Heidi: Okay, I’ve got my video… now how do I get people to watch it?
Dan: It used to be that only large corporations would use video – i.e., TV commercials – because only they could afford the price tag necessary to buy a worthwhile TV spot. It wasn’t so much the cost of production but the cost of airtime that posed the biggest barrier to entry for small companies. That’s where the social web’s role in democratizing media becomes an important factor.
Today, the key element to drawing attention to your video is no longer cost but creativity. With the monetary playing field leveled, smaller companies have taken advantage of Facebook, Twitter, blogs, interactive microsites and other free or affordable venues to host and/or build interest in videos they’ve produced. In the end, it’s just the same as getting people to look at anything you create. Don’t wait for people to find your content – get it out there, put it in front of key influencers, foster conversation. By working with someone who knows their way around these social sites, you can build the interest you’re looking for.
Heidi: Tell me a little bit about Big Teeth Productions and what you do.
Dan: Big Teeth Productions is a video production company run by the unique and talented husband-and-wife duo of Gregg and Elise Jaffe. After both spent years working for large advertising agencies in New York and Chicago, they decided to follow their passion and start their own business. Big Teeth provides the full range of services necessary to create a high-quality video for a variety of purposes including online marketing, fundraising and original programming. We can take clients all the way from idea formulation to writing, producing, editing and even placement.
Gregg and Elise added me to their team to expand the company’s services to include social media marketing. They were finding that many of their clients were not making the most of the content they paid Big Teeth to create. It’s a value proposition. Like you said, Heidi, okay I’ve got my video…now how do I get people to watch it? You could also ask what value is a video if no one sees it? So I was brought in to work with Big Teeth’s clients to get those eyes on their videos – and also to help build Big Teeth’s own social media presence.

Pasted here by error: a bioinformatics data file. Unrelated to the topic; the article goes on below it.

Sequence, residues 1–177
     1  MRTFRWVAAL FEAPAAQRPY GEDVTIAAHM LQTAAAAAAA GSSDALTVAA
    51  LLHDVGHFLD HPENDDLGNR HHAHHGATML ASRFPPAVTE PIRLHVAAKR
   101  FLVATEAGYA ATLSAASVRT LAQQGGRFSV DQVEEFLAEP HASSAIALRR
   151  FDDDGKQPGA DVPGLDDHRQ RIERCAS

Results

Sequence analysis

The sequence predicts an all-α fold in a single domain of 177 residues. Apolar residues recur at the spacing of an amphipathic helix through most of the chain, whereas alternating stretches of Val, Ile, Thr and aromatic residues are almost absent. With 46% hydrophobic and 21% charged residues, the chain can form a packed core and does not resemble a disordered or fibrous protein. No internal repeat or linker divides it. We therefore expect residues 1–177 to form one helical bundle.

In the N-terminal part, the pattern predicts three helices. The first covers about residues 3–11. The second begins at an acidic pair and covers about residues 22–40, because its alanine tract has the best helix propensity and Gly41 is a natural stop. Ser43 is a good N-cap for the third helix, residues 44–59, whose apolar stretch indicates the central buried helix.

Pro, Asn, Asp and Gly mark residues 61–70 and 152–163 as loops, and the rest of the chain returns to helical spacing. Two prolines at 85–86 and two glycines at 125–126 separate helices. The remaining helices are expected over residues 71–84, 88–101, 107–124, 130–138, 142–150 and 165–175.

Heidi: How can I make my video seem less like a corporate pitch and more like something people want to watch?
Make it interesting. It’s that simple. I’m certainly not the first to say it, but the rules of marketing have changed forever due largely to social media and the savvy consumers who have been empowered by using it. Rather than interrupt potential customers in the middle of something they’re interested in, the idea is to provide them with that interesting thing that they don’t want to be interrupted from. The simplest way to accomplish that is to entertain your audience. Create unique, compelling content that offers viewers something that no one else can offer.
Heidi: How long should a video be for sharing on social sites?
Dan: In general, less really is more. A good rule of thumb is to keep all online video under three minutes – and even that’s often too long. You have to keep your audience and venue in mind. If they’re clicking on a link on Twitter, where 141 characters is one too many, would you expect them to watch a 17-minute video they were redirected to? The online viewer is being pulled in many directions at once. Don’t give them a reason to move on to the next thing.
What successes have you had with creating multimedia content?